If you want to lose weight, there’s one thing you must do…stop exercising.
And that’s not some trick way of saying do more weights than cardio or make sure you only run in 3-minute bursts. I mean stop exercising. Back away from the treadmill, put down the weights, put your workout clothes away and cancel your gym membership.
I’ve been saying it for years. And now, a 20-year study proves I’m right.
But I didn’t really need a study because I know it works. In fact, I lost almost 50 pounds without exercising at all.
I’ve told you before how much I hate exercising. I used to really envy the people that loved it. I thought I could never get in shape or get healthier without torturing myself at the gym.
But then I figured something out.
I wasn’t overweight because I didn’t work out. After all, people have been thin for millennia before the advent of the treadmill, stair climber and running shoes.
I was overweight because of food and how I used it. I didn’t eat for sustenance. I ate for entertainment.
Once I learned how to stop doing that, the weight came off on its own. I lost about 50 pounds in 7 months and have kept it off for years.
The proof is in the (chocolate) pudding
Now I know what you’re thinking…that I probably ate lettuce-wrapped tofu and drank hot water with lemon.
Well, I have done that (and grapefruit, apple cider, etc.), but none of that worked for me either.
So I designed my own plan to address my personal issues with food. I ate literally anything I wanted, but focused on when I ate and how much.
With that guiding principle in mind, here are five quick tips I built my plan around:
1. Don’t eat until you’re hungry. Don’t plan in advance to eat at a certain time. Don’t automatically eat breakfast or 3 snacks a day. Wait until your body tells you it wants food. (In fact, I never eat breakfast and I hardly ever snack.)
2. When you get hungry, don’t eat yet, wait a little longer. Not an hour but 15 or 20 minutes. Try to push off your hunger when you can.
3. Stop eating when you’re not hungry anymore. That means when the edge is off your hunger. Don’t eat until you’re full. If you eat out a lot, like I do, this usually means finishing less than half the food on your plate.
4. Always leave at least one bite on your plate. (I leave one bite of anything bigger than a cracker.) Once you decide to do this, you have to pay attention when you’re eating. You can’t just mindlessly shove food in your mouth.
5. Don’t eat after 8 pm (or 2-3 hours before you go to bed).
I did this, plus a few other tricks here and there. Not only did I lose weight but my blood pressure, cholesterol and triglycerides all got in a healthy range (if you care about those sorts of things). All without exercising even one day.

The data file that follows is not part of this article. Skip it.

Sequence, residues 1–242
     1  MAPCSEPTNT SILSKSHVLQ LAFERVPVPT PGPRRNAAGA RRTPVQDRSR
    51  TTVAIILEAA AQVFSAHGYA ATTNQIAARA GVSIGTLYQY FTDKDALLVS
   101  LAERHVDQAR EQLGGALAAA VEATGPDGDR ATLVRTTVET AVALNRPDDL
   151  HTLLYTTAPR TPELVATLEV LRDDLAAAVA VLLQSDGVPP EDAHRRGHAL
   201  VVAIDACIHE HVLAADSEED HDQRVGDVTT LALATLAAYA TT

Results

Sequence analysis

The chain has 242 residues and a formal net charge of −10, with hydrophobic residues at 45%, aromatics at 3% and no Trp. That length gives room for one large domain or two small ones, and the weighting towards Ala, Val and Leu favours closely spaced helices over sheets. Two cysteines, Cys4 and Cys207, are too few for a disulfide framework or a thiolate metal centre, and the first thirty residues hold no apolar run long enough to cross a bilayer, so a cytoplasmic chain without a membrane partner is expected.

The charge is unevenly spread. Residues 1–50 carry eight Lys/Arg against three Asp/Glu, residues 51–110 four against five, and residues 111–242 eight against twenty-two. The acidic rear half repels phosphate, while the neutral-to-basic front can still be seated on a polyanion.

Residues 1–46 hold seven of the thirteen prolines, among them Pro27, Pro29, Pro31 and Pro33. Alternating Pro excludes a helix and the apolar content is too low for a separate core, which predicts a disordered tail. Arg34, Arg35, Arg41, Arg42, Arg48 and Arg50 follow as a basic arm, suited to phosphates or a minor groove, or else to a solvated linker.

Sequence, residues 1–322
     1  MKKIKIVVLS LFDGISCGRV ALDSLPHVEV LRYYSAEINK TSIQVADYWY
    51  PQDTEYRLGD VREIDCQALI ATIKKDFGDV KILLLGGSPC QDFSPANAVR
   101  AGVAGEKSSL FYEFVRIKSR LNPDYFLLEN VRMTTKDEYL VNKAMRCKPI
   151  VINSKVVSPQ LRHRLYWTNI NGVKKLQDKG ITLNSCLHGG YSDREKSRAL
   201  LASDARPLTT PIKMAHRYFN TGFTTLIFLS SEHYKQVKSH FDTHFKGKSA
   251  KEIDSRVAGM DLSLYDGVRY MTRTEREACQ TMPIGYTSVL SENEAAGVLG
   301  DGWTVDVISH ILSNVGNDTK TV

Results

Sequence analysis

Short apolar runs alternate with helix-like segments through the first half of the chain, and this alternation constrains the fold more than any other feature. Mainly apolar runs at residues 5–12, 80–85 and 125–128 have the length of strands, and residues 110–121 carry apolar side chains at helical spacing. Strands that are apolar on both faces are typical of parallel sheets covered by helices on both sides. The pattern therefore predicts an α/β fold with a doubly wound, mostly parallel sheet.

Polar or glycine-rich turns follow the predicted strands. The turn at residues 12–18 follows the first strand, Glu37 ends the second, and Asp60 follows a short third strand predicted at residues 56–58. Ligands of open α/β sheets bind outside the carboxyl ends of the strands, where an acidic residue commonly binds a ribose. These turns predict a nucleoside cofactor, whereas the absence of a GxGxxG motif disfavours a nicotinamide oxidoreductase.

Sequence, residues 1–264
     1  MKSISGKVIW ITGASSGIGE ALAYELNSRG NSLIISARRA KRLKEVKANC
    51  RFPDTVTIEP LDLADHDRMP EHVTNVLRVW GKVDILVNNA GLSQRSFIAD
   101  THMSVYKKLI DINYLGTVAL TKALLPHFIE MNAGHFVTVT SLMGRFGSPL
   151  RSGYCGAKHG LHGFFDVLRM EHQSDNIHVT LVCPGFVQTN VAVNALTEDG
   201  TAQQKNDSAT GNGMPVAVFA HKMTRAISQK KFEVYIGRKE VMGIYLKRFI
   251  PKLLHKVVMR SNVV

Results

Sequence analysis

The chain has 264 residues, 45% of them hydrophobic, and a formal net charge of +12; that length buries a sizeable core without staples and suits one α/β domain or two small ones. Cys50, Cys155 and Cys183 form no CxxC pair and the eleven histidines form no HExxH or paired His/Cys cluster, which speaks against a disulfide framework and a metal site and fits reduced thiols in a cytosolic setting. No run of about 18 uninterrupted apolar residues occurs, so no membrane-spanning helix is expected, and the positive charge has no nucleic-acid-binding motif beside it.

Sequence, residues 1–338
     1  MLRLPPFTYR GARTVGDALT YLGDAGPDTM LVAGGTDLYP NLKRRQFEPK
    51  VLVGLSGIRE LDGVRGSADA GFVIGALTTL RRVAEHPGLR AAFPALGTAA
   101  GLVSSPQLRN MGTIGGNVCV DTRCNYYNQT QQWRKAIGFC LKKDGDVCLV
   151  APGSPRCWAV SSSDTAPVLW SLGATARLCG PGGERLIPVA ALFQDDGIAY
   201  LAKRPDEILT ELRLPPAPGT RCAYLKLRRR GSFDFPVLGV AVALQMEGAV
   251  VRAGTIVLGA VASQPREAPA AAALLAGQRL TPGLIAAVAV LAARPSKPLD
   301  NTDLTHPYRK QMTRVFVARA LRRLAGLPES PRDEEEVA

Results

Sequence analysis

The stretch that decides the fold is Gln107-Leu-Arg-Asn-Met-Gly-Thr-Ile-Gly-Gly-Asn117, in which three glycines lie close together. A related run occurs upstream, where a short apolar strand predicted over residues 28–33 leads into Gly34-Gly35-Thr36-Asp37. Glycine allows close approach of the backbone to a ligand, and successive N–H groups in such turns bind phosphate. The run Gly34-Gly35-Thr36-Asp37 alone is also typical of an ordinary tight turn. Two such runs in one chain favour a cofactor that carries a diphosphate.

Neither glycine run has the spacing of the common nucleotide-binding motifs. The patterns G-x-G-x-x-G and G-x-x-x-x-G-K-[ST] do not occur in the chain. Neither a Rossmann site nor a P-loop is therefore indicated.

Once I lost 42 pounds, I did start exercising because I wanted to tone and found out that I liked seeing some actual definition in my arms.
But for losing the weight, it’s about the food and making the changes that you’ll be able to live with long-term.
The real biggest losers
That was my story. Now let’s see what happens when you DO exercise.
First, let’s look at some shocking numbers…
Take 3,500 young subjects. Follow their weight gain and activity levels for 20 years. What do you get? A lot of people who still look a lot alike.
This study, reported recently in the Journal of the American Medical Association, found that men with low activity levels weighed, on average, less than six pounds more than men with high activity levels.
Less than six pounds!
In 20 years!
And the average difference between their waistlines was only an inch.
So you have to wonder: How can all that stairmaster/exercycle/treadmill burning of calories result in such poor results?
It’s actually pretty simple. When you burn those calories, your body craves replacement calories. And you’re going to respond by eating. Maybe not at first. But the demands of your body will wear you down and win out.
You’ll start by bargaining. You’ll reward yourself with a little treat here, a little treat there. But those little indulgences are exactly the fuel your body craves and needs. Before you know it, those rewards completely offset your gains.
And then, if you’re anything like me, you just give up altogether. I mean what’s the point of exercising and eating right if it doesn’t show on the scale?! Pass the pizza!
No question, I know from my own 20-year struggle that dealing with food and exercise separately is the best formula for effective, healthy, long-term weight loss.
“Maintaining a High Physical Activity Level Over 20 Years and Weight Gain” Journal of the American Medical Association, Vol. 304, No. 23, 12/15/10, jama.ama-assn.org